3. They need to receive emails from all kind of idiots that cannot be bothered to implement something new. Usually small businesses.

    Because of #3 they would have to pay both money for your new scheme and anti spam filtering.

    As you can see, your scheme is not self imposed, quite the opposite. It’s impossible to be imposed.

    Also:
    – About e-currency. I do not think that you have good idea how it works in real life. But lets keep that can of worms closed.

    The biggest problem with e-currency is fundamental economics of fixed supply money schemes.
    To be viable e-currency must be fixed supply, meaning that “minting” should be limited, so that the money supply cannot be inflated indefinitely. e.g. most of the possible bitcoin hash-sums have already been discovered. Discovering of new coins is still possible, but it is getting exponentially harder. Still it is known that their number is finite.
    Imagine entities who get emails and never reply. With time, they can accumulate a great number of e-currency, big enough to hinder normal transactions.

    The second problem with e-currency is that its real money value might be fluctuating. Imagine that you used 1 bitcoin per email. A few years ago, you could bye dozens per dollar. Now, a single one cost thousands of dollars.

    You are going to need a central authority and special virtual money that are used only for emails. It would ensure that email-currency have fixed price and there will always be enough of them.

    – The central authority do have the ability to block all email from a given source by not validating the payment for it.
    Even now, some spam blocking lists are in the business of extorting money from innocent entities. E.g. open source maillists.

    – Securing wallets is extremely hard. It is something that banks still haven’t got hand of. If your computer is compromised, everything you do on it is compromised, including your electronic banking. You are at their mercy.
    The only way to be secure is to use separate devices that generates one-time-use codes that are manually entered by the human. That’s just too much work for email.

    – Since most people send few emails, the malware may not use up all their funds at once, thus avoid immediate detection.
    Instead of 100 emails, people would be able to send 10 and if they run out of wallet money. In that case, because the sums are small, people might actually prefer to pay up another monthly fee, rather than pay for cleanup. (e.g. 1cent per email, $1 per wallet).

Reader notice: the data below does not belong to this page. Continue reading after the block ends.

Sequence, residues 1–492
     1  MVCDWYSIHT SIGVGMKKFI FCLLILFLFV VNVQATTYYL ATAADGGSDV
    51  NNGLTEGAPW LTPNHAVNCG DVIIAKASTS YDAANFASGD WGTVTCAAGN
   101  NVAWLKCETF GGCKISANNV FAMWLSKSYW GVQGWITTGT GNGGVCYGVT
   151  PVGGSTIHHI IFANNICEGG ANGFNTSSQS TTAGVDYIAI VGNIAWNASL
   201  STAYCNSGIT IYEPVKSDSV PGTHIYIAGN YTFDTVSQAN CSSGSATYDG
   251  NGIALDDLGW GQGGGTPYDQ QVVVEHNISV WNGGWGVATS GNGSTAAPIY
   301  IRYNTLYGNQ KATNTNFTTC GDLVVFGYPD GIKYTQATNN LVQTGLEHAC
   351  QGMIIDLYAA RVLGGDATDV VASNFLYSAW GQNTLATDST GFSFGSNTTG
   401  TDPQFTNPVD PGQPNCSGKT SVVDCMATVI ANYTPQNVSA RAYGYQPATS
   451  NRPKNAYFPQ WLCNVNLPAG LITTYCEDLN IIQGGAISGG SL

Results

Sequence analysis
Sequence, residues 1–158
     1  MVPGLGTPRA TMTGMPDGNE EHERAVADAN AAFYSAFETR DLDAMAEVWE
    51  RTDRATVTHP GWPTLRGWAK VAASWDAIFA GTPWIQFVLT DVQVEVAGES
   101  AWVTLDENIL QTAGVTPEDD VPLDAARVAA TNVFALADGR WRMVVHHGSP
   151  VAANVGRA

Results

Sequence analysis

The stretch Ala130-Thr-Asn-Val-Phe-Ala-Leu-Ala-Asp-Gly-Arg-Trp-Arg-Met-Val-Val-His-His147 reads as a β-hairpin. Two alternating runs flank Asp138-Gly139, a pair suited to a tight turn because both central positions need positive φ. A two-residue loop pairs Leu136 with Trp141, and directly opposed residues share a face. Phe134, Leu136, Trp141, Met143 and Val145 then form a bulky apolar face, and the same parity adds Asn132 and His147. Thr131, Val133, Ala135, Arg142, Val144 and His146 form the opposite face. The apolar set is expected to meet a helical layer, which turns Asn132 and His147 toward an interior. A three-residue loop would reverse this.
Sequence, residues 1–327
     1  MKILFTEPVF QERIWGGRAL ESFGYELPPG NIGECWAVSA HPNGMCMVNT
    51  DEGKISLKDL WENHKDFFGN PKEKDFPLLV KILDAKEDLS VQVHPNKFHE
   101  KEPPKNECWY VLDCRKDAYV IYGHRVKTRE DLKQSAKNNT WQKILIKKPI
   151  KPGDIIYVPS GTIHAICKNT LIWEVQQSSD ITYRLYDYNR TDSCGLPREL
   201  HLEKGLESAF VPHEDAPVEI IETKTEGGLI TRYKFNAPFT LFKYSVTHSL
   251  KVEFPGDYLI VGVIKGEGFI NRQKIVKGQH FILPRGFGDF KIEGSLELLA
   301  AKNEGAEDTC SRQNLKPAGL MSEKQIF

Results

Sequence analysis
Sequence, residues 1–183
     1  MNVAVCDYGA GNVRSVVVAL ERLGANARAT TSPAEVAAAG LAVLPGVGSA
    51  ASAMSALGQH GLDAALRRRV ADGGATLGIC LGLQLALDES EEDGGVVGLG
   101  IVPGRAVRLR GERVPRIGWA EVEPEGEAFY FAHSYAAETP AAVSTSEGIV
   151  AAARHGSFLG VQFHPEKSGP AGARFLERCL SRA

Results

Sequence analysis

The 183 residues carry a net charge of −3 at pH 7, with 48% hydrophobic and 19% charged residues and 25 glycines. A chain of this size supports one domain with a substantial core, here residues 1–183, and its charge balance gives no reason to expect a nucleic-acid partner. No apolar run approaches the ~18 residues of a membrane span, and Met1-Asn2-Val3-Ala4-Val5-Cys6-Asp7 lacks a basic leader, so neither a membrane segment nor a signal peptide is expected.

Even paying $10 a month might be cheaper than paying for antivirus.

    – Address books might contain few addresses, but viruses could scan your inbox and send emails to all people who have ever contacted you. Or even better, everybody you have whitelisted.

    – Whitelists are mandatory, if you want to keep maillists.


    Do you want even better idea?

    Since we are creating a central authority that manages all payments for email transactions, why not skip a step and simply put the email themselves on that authority servers.

    The authority could monitor how many emails are sent and impose flexible quota schemes, it could run spam and virus checks on all emails. If the same email is sent to multiple people and some of them mark the email as spam, then all emails could be removed for everybody.

    So, if everybody uses Gmail and block all external traffic, then the problem is solved.
    All hail our Alphabet overlords. 😉

  13. Иван Says:

    If your goal is to simply limit the number of outgoing unanswered emails to 100, it could be done now without involving third party and troubling with international money transactions.

    It’s simple:
    1. You must send emails from the server where you receive them. Clients could connect from anywhere, but they must be authenticated before connection. The fields “From” and “ReplyTo” must be the same, unless the mail is redirect from a maillist and have a field that identifies the list.

    2. The server sends and receives emails only though the ISP mail relay. ISP rejects all emails that do not originate from its network or that are not recipients to its network. The sender ISP relay communicate only with the receiver ISP relay. The receiver relay might be queried from the DNS of the recipient, like SPF.
    ISP relay is the one that enforces the quota.

    3. Maillist emails are not counted toward the quota (in or out). Maillist operators must negotiate with their ISP before starting a list.

    4. If user have reached a quota he phones to its ISP and they give him 100 more emails. If they want they could charge him $1 more for the month.

    The problem with this scheme. Well all ISP in the world have to implement it. Currently, most of them simply block mail relay entirely. It’s also questionable if the quota should be counted toward the server or toward each user on it. I guess it is safe to assume that a single ISP client is the user of all email accounts on its own private server.